4. If the relationship isn't working out or if your girlfriend meets someone she likes better, it's better for her to figure that out and break up. Your partner isn't your dragon-hoard, something you keep locked away so that other people can't steal it. It sucks when you get into that headspace of worrying about your partner's facebook or texts or whatever. It's awful, and it sucks the joy out of the relationship, and then what's even the point? If your girlfriend ends up falling for Dude 1, or for someone else, that's not because she's terrible or because you failed to keep her from interacting with other guys sufficiently, or because better boundaries would have kept you together; that's just the breaks. What if you met another girl and really, really hit it off? Wouldn't you feel like it was better to break up rather than drag along?

I think it's important to accept our fears and anxieties about relationships ending. Relationships end, that's what they do. At best, someone is going to die eventually, but probably even a really good relationship is going to run its course, especially when one partner is twenty and the other is still pretty young. You've got to relax about that fear, because otherwise you're just going to have a miserable shell of a relationship.
posted by Frowner at 6:41 AM on February 25, 2016 [19 favorites]


About point 2: I meant to say "because guys are socialized to not do emotional labor, and to have emotional labor done for them without comment, it's easy not to be good at supporting others." Not that it's something "natural" that guys just...can't do, or whatever.
posted by Frowner at 6:43 AM on February 25, 2016 [3 favorites]


I definitly didn't give her the option to walk away because of me feeling she was becoming emotionally distant. It was because my issues are mine alone and I didn't want her to feel I was putting them one her.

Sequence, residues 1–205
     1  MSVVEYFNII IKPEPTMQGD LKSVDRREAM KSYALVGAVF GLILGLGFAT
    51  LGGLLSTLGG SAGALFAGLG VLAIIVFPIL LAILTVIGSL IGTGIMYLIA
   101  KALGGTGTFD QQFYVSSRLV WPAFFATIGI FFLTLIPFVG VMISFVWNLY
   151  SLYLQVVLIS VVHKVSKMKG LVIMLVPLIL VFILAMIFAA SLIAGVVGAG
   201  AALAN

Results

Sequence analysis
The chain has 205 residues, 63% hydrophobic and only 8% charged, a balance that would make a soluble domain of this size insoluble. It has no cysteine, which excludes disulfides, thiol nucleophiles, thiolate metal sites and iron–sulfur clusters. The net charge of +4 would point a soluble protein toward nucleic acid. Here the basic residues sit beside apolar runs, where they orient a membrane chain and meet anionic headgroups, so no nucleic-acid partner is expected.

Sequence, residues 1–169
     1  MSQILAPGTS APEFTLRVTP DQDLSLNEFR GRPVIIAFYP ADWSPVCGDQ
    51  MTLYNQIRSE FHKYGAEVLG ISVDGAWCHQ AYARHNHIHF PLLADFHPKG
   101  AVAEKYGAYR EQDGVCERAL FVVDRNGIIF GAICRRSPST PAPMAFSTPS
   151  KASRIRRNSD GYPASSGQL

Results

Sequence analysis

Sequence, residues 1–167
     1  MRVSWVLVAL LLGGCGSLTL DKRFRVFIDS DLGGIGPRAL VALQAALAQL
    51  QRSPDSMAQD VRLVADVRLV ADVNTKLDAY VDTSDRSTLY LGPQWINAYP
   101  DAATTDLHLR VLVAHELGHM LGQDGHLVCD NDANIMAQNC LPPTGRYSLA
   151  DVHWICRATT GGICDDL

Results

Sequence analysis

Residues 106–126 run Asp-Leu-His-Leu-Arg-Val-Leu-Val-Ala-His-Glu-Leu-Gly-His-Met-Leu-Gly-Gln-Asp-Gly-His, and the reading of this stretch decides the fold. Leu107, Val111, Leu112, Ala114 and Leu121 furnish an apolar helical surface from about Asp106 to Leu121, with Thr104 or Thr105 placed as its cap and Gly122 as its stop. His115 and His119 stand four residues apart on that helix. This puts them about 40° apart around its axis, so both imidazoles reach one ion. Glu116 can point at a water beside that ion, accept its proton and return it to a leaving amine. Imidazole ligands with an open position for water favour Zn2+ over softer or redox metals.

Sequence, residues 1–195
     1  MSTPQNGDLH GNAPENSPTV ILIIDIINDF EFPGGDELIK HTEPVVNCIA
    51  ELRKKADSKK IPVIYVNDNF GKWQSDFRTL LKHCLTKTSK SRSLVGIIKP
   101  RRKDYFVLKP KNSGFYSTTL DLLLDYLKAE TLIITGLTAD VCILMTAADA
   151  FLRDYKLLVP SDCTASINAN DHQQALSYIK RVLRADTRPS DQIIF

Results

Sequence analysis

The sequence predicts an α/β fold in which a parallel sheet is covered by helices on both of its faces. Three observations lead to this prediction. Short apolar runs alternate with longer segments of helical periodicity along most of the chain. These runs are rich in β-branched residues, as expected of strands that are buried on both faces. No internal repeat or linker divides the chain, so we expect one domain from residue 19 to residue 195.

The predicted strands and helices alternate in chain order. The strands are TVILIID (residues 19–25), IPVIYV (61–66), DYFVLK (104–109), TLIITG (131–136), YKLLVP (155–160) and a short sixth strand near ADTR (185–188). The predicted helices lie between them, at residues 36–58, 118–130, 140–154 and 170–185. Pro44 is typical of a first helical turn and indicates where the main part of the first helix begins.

You don't "give" her the option to walk away. She always already has that option without your granting it to her.

Similarly, you have that option too. You can just walk away. A relationship that's worth your time will not ever bring this level of anxiety.
posted by witchen at 7:39 AM on February 25, 2016 [4 favorites]


6 months in should still be the honeymoon period. you are injecting all manner of drama into this. you need to get a handle on your own anxiety. this isn't about her. she can't fix this about you by suddenly and independently adopting your exact same boundaries and priorities. this relationship will likely not last, but that's not a huge tragedy. work on yourself, on your own reactions, on your own deal breakers so you'll be a better partner next time (which in turn will help you find a more appropriate partner - maybe someone closer to your age who you don't work with).
posted by nadawi at 7:47 AM on February 25, 2016 [2 favorites]


I mean, if I was a 20-something woman and my partner was getting more and more controlling about things I have no control over (like other dudes hitting on her) AND I had enough personal shit going on that I was describing myself as depressed, I would also withdraw from said partner. You don't describe any actual support that you give to her in your post, you just describe how you try to get her to do exactly what you want (with the overall message of "I want you to trust and rely on me and only me"... but you're not doing any work to BE a source of trust and reliability). Frankly, your insecurities are making you into a controlling jerk. You're trying to turn this person into someone who doesn't set off your insecurities instead of realizing that your behaviour is directly leading to your fears coming true.

It sounds like you wish your girlfriend was a different person with different wants/needs and different behaviour. It also sounds like you expect her to mature into this different person. That's not how growing up works.